Potential home buyers hoping to get a break in affordability will likely be disappointed, according to new research. (iStock)

Housing affordability at worst level in decades: bank

RBC (Royal Bank of Canada) reports that Canadian housing affordability is now at its worst level since 1990. Skyrocketing home prices in some of the largest cities provided the initial push, but rising interest rates have been the main driver of the measure which hit near-record levels in the past year. Interest rates are expected to continue to increase. Economists from the bank say the part of income a household
needs to cover ownership costs hit 53.9 per cent in the second quarter of 2018.

RBC’s housing affordability is calculated as a share of household income. A higher number indicates that buying a home is less affordable. In a new development, condo affordability eroded more than did single, detached homes this year.

Affordability ‘at crisis levels’ in Vancouver

Affordability remained “extremely strained” in Toronto and Vancouver in the second quarter of 2018, reports the bank. It found that a typical home buyer in Toronto would need to spend “an astounding” three-quarters of their income to cover ownership costs.

In the west coast city of Vancouver, it found affordability to be “at crisis levels” where it would take a record 88.4 per cent of one’s income to cover ownership costs. Another west coast city, Victoria, is also experiencing strained affordability.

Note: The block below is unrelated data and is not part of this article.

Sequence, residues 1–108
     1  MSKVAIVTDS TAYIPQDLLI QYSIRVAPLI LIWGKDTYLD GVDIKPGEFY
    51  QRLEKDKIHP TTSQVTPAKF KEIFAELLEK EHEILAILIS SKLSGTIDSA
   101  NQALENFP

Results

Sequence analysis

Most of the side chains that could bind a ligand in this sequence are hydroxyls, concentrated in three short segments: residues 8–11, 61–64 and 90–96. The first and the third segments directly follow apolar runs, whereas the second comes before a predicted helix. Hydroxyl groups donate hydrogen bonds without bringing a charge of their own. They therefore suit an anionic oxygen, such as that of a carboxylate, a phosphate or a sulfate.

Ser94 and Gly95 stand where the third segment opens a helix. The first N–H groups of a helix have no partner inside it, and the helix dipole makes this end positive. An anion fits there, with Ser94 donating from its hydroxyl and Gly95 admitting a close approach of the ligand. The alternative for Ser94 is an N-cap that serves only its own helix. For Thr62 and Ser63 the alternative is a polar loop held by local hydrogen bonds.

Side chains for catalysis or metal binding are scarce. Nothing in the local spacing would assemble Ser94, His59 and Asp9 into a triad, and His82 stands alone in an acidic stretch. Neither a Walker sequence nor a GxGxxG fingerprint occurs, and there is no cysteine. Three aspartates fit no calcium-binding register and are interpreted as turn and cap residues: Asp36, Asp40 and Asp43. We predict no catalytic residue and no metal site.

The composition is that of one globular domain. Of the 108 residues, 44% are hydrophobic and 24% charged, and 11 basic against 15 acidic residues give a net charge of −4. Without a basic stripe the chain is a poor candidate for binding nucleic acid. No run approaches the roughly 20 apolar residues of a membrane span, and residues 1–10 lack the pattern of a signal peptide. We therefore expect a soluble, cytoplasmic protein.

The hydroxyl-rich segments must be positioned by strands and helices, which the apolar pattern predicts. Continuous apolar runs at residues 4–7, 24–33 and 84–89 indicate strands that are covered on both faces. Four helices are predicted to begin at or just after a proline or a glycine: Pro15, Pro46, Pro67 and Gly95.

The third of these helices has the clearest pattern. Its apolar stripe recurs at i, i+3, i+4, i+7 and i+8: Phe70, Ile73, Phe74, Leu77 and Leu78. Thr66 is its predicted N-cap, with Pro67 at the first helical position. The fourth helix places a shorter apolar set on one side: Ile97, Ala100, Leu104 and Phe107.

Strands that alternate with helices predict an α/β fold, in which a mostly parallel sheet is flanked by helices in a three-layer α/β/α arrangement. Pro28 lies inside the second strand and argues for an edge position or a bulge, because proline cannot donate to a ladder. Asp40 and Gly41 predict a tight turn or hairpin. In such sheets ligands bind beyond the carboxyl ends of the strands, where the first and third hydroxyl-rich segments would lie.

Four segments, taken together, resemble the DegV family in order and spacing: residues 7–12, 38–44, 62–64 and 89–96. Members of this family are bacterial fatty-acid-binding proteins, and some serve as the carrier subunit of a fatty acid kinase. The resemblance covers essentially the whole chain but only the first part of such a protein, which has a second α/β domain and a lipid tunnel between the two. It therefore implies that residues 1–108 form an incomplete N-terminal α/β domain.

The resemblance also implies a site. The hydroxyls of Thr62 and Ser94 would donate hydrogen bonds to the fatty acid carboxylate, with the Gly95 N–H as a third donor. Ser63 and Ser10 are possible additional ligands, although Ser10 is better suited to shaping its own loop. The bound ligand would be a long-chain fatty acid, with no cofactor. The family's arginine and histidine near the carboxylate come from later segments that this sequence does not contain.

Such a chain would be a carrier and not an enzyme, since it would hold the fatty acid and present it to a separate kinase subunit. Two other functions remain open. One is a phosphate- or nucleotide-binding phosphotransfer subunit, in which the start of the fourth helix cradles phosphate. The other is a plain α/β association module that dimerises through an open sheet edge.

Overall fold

As an exception in the Canadian market, homes in the eastern city of St. John’s were slightly more affordable in the second quarter of 2018. (iStock)

In almost all other Canadian markets, interest rates had a modest negative effect on affordability in the second quarter though conditions are said to have remained manageable. Only the eastern city of St. John’s saw a slight improvement, mainly due to difficult market conditions.

The bank’s news release says potential buyers hoping to get a meaningful break in affordability will likely be disappointed.

Money-laundering flagged by newspaper

The Globe and Mail newspaper reports that wealthy drug dealers are parking their ill-gotten gains in the Vancouver real estate market driving prices up. In response, the provincial government is promising to investigate.

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